There were other butterflies, too; a Southern Dogface racing up the canyon, and a handful of Pipevine Swallowtails. In AZ as here in the East, Pipevine is a very early swallowtail. And there was a duskywing of some kind patrolling a stretch of the narrow trail that defied my attempts to ID or photograph it. At several spots along the creek, though, damp soil held Southwestern Azures (the cinerea
ssp of Echo Azure, Celastrina echo
), all of which bested my photographic powers.
Giving up on the warblers, I started my descent back down the canyon and spent about 20 minutes trying to get a bead on a hairstreak zipping around in the oak canopy. Never did, but a few minutes later snagged this mystery lycaenid (?hairstreak) on the afore-mentioned Calliandra. It’s worn almost to the point of transparency, and best I can figure is a likely candidate for Sylvan Hairstreak, Satyrium sylvinus itys, though well out of its normal flight period. Suggestions on ID most welcome! [Update: some LepLog readers also suggest this could be a worn azure, which makes more sense given the time and location]
Mystery hairstreak on buds of Fairy Duster. Possibly a Sylvan Hairstreak, Satyrium sylvinus itys? [2-18 MAR 07, Florida Canyon, Santa Cruz Co AZ, photo by REB]
My last day in the extreme southeast I had planned to spend time at the famous (to birders) Paton Center for Hummingbirds in Patagonia AZ to spot a rare Violet-crowned Hummingbird. En route I stopped off at another likely-sounding butterfly spot, Sonoita Creek Preserve, where a post on NABA’s Recent Sightings page a week or so previously had a good but short list of butterflies on some variety of ragwort. So I set off on a VERY LONG walk through the desert on a very hot March day in search of the creek and then for what I imagined would be fields of ragwort (which is how we see it here in the East). An hour later I was still trudging about in the ocotillo and cacti.
My expectations of butterflies were low after trekking through ocotillo forest for an hour.
When I did find the creek, it was mostly a dry wash. And no nectar in sight. Far off in the distance, on a dry bank of a feeder creek, I spotted ONE tall shrub that — being the only nectar game in town — had quite the little coterie of butterflies. On inspection, there were only two butterfly species: the nearly ubiquitous Pipevine Swallowtail, and clouds of Texan Crescents.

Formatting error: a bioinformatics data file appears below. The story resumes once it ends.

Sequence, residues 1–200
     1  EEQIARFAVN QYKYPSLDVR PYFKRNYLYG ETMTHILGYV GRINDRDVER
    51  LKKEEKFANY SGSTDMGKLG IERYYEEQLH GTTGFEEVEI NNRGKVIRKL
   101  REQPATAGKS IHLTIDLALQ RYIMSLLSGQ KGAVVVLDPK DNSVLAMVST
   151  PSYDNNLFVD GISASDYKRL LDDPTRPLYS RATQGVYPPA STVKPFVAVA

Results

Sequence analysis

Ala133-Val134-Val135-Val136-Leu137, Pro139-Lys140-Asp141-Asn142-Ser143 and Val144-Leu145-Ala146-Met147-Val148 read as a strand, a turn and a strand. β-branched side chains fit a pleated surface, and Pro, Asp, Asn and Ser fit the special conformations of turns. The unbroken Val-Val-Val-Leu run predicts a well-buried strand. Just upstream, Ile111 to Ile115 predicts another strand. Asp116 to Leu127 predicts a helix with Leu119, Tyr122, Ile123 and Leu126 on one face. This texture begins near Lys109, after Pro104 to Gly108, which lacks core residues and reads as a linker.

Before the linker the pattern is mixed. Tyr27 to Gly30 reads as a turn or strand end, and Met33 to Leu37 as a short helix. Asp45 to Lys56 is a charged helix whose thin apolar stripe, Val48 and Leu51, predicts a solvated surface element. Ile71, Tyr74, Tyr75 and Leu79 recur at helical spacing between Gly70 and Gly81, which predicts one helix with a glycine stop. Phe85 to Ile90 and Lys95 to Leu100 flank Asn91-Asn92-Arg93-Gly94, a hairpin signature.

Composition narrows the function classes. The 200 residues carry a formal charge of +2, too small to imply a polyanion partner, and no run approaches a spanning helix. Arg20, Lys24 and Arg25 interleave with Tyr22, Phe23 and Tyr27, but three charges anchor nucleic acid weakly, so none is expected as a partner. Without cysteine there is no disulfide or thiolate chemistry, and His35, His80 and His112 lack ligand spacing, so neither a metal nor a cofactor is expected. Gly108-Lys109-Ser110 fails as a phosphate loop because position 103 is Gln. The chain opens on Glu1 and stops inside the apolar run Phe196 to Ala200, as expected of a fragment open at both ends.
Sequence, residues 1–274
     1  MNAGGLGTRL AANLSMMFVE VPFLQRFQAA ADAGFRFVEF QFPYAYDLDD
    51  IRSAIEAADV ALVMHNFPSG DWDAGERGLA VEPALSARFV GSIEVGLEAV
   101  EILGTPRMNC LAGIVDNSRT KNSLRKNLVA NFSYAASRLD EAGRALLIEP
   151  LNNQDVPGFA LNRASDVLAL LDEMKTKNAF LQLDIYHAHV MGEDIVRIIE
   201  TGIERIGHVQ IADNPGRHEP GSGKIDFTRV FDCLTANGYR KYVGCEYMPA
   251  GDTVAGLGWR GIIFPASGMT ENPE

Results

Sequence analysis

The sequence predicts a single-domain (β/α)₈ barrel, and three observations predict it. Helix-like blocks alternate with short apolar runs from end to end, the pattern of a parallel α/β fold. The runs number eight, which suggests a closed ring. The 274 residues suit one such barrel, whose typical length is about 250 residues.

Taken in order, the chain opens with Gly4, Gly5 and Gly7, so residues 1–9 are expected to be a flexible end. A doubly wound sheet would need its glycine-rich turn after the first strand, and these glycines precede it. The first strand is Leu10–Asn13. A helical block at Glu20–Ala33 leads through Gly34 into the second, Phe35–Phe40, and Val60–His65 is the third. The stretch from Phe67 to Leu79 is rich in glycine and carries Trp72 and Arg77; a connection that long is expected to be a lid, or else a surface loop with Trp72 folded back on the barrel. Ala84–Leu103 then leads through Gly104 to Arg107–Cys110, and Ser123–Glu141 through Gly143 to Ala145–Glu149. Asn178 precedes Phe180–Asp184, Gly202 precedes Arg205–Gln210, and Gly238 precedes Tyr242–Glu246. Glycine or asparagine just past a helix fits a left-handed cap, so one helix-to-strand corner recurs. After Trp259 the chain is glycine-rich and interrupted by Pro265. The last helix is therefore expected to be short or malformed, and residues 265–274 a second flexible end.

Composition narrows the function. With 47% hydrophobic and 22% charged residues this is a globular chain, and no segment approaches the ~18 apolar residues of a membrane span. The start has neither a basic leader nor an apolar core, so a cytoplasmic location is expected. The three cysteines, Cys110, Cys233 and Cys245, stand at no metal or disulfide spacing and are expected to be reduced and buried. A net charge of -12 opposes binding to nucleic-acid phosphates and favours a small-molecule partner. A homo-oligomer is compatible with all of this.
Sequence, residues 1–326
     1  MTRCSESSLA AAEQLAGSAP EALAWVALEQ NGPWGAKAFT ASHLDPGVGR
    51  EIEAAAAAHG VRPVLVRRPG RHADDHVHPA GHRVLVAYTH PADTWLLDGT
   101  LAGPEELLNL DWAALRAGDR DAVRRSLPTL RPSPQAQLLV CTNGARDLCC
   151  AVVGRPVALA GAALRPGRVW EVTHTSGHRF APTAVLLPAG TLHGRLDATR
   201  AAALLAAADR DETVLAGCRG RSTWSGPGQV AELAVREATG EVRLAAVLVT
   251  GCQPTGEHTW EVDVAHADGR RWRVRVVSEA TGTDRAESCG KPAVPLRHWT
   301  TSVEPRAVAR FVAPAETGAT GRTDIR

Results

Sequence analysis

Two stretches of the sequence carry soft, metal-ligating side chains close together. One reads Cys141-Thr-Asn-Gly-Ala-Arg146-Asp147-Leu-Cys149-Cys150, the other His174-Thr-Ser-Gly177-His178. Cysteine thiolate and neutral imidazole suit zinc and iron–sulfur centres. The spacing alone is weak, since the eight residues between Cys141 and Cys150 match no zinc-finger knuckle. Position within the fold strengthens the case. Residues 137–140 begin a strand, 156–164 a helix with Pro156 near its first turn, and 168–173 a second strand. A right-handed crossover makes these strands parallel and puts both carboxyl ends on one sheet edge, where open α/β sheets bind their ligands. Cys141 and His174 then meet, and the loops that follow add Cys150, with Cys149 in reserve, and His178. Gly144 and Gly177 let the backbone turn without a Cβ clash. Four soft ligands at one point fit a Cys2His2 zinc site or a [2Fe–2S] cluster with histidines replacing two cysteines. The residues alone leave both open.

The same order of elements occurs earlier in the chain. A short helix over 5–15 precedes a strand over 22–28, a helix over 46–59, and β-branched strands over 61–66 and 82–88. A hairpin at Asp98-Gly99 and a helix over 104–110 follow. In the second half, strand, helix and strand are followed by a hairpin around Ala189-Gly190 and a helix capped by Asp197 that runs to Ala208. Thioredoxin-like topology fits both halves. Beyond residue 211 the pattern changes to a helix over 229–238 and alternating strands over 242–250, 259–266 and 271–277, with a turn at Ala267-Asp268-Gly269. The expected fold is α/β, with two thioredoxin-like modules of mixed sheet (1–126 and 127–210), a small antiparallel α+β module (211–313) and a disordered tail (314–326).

Pipevine Swallowtail on what turned out to be a very different kind of ragwort than I am familiar with here in the East, the tall, woody shrub Barkley’s Ragwort. [2018 MAR 06, Sonoita Creek Preserve, photo by REB]
There were literally dozens of Texan Crescents on a couple of shrub ragworts at the end of Blackhawk Canyon Trail where it meets Sonoita Creek Trail in the Sonoita Creek Preserve. [2018 MAR 06, Sonoita Creek Preserve, photo by REB]
I eventually uncovered a couple more of these tall, rangy ragworts, including one very near the intersection of Blackhawk Canyon Trail and Sonoita Creek Trail that held half a dozen American Snouts, not surprising because the low creek bottom at this point was still rather moist and supported lots of hackberries (the Snout’s larval host). And the third target butterfly of the trip, a metalmark! In this case, Zela Metalmark, Emesis zela
One of half a dozen American Snouts on a ragwort shrub. [2018 MAR 06, Sonoita Creek Preserve, photo by REB]
Target butterfly 3 of 5 on this Arizona trip, Zela Metalmark (note the black splotch on the DFW). [2018 MAR 06, Sonoita Creek Preserve, photo by REB]
And that’s about it for Arizona butterflies on this expedition. Despite the great recommendations of veteran members of the Central Arizona Butterfly Club Janet Witzeman and Ron Rutowski, the season was too early and the desert too dry around Phoenix and Scottsdale to yield more than a few more dogfaces, pipevines, and a probable buckeye. And I left two of my original targets on the table for the next trip — Mormon Metalmark and the ‘Pima’ variation of Sara Orangetip. And more birds to go back for too (although I did get the Violet-crowned!).